The Tiddy Mun
The Tiddy Mun was a legendary bog spirit in Lincolnshire, England, who was believed to have the ability to control the waters and mists of The Fens of South Lincolnshire and The Carrs of North Lincolnshire. He was described as being no bigger than a three-year-old child, but looking like an old man with long, tangled white hair and a matted white beard. He is said to have worn a grey gown so that at dusk he was difficult to see. His laughter was said to resemble the call of the peewit.
The Tiddy Mun was both feared and respected by the people of the Fens. He was said to be able to cause floods and droughts, and to punish those who angered him. However, he was also said to be helpful to those who showed him respect. For example, he was said to help farmers with their crops and to protect travelers from getting lost in the mist.
The Tiddy Mun is a popular figure in Lincolnshire folklore, and there are many stories and legends about him. He is often depicted as a mischievous and playful character, but he is also said to be a powerful and dangerous spirit.
One popular story about the Tiddy Mun tells of how he was once angered by the draining of the Fens by the Dutch. He is said to have caused a great flood to punish the people, and only after the villagers made an offering to him did the waters recede.
The Tiddy Mun is a reminder of the wild and untamed nature of the Fens. He is a symbol of the power of nature and the importance of respecting the land.
M. C. Balfour, Folk-Lore 2(1891), 149–56
Tiddy Mun Tale in Modern English
The original tale as reported by Marie Balfour can be difficult to read, as it has been written in a Lincolnshire dialect. This is a modern rendition of the story
Long ago, before the dikes were built and the riverbed was changed, when the Cars were nothing but boglands full of water holes, they were teeming with boggarts, will-o’-the-wisps, and such like; voices of dead people and hands without arms that came in the darkness, moaning and crying and beckoning all night long; toads dancing on the tussocks and witches riding on the great black snags, which turned into snakes and raced around with them in the water. My word! It was a strange and evil place to be in, come evening.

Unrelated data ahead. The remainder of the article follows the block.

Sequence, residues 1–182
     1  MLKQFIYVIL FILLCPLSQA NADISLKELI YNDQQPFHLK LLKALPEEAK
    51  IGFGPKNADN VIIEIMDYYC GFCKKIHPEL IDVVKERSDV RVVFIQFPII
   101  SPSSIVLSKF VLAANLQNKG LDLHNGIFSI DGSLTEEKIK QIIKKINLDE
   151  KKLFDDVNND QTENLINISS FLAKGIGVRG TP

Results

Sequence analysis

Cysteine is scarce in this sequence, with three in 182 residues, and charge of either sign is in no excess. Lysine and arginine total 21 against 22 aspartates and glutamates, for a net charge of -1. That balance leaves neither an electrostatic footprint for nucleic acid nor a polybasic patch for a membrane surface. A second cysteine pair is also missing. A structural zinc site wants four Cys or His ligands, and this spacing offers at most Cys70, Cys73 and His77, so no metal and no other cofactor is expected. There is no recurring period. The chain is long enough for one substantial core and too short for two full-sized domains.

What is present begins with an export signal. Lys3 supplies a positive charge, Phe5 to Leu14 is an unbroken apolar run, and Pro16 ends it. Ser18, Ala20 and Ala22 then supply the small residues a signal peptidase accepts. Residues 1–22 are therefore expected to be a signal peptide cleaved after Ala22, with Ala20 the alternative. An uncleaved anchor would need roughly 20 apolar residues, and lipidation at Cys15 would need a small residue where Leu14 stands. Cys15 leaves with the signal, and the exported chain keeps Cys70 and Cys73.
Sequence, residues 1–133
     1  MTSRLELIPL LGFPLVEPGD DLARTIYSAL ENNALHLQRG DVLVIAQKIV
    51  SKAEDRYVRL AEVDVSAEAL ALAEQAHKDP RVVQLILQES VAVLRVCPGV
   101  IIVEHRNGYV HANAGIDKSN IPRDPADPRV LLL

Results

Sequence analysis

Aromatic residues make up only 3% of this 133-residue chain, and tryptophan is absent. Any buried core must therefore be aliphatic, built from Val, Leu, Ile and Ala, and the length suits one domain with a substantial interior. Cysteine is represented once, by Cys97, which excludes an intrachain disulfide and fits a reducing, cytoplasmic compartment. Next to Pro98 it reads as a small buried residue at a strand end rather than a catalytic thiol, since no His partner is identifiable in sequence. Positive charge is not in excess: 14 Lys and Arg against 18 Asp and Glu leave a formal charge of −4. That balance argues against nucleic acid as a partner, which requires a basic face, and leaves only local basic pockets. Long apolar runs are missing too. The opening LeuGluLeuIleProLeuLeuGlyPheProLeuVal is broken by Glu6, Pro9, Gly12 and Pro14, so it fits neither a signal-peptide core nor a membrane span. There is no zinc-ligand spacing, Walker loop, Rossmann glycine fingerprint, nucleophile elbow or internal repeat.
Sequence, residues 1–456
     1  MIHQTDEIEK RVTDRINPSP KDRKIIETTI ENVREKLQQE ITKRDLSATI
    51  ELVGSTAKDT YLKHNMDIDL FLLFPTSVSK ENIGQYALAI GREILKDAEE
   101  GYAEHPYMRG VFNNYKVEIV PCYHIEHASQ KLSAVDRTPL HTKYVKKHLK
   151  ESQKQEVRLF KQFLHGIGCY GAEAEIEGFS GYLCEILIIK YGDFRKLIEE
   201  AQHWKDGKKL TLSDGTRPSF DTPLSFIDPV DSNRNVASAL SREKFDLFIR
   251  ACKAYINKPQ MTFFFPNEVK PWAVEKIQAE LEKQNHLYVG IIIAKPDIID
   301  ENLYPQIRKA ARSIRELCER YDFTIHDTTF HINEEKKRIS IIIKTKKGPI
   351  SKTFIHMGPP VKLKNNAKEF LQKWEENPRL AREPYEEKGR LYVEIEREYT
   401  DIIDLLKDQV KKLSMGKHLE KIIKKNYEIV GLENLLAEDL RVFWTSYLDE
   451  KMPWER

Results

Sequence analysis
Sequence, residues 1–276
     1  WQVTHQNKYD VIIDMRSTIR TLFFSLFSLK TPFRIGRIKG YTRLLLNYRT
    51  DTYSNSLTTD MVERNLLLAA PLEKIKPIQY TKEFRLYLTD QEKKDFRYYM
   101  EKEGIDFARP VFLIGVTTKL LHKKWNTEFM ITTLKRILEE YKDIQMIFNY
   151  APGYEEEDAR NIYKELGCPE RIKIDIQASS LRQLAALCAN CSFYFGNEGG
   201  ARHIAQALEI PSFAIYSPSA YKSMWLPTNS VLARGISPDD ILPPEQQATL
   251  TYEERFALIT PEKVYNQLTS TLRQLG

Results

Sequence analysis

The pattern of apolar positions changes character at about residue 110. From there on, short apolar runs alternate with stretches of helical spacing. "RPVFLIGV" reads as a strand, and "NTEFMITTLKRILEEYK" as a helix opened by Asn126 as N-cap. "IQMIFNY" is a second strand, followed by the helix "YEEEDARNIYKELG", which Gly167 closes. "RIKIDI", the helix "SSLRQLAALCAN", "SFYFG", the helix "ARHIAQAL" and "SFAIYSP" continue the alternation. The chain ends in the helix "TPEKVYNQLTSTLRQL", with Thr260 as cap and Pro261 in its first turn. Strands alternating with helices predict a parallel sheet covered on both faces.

People were very scared of it and would not go near him without a charm of some sort, such as a witch’s pink or a Bible-ball. I’ll tell you about them another time. They shook with fear, I tell you, when they found themselves in the Cars in the darkness. For certain, they were mostly shaking in those times, for the ague and fever were terrible, and there were poor weak infants, fit for nothing but to sup gin and eat opium. In my young days, we all had the ague; the women by the fire, the men out in the yard, even the babies had the shakes regularly. Yes, maybe you’re better off now, but I don’t know, I don’t know. You’ve lost the Tiddy Mun. Well, well. You knew fine that the fever and ague came from the bogs, but as soon as people heard tell that the marshes must be drained, they were very discontented, for they were used to them, and their fathers before them, and they thought, as the saying is, bad is bad, but meddling is worse.
They were told fine tales that the mists would lift, the bogs would come to the molds, and there would be no more ague; but they disliked change and were very angry with the Dutchmen who came across the seas to dig. The people would not give the Dutchmen food, bedding, or fair words; none would let them cross the doorsill; and they said to each other that it would be bad days for the Cars and the poor Car-folk if the bog-holes were disturbed and “Tiddy Mun” was unhappy.
You know that Tiddy Mun lived in the water holes deep in the green still water, and he only came out at night, when the mists rose. Then he would creep out in the darkness, limping and tottering like a dear little old grandfather, with long white hair and a long white beard, all matted and tangled together. He would come with a sound of running water and a sigh of wind, laughing like the cry of the curlew.
People were not as afraid of Tiddy Mun as they were of boggarts and other such things. He was not wicked and spiteful like the water sprites, and he was not white and creepy like the Dead Hands. But nevertheless, it was a bit eerie when sitting around the fire to hear his screeching laugh outside the door, passing by in a flurry of wind and water. But people would only huddle a bit closer together and whisper over their shoulders, “Listen to Tiddy Mun!”
The old man never hurt anyone, in fact, he was very kind to them sometimes. When the year was very wet and the water rose in the marshes, creeping up to the doorsill and covering the paths, on the first New Moon, the father, mother, and all the children would go out into the darkness and look over the bog, calling out together, although perhaps a bit scared and trembling: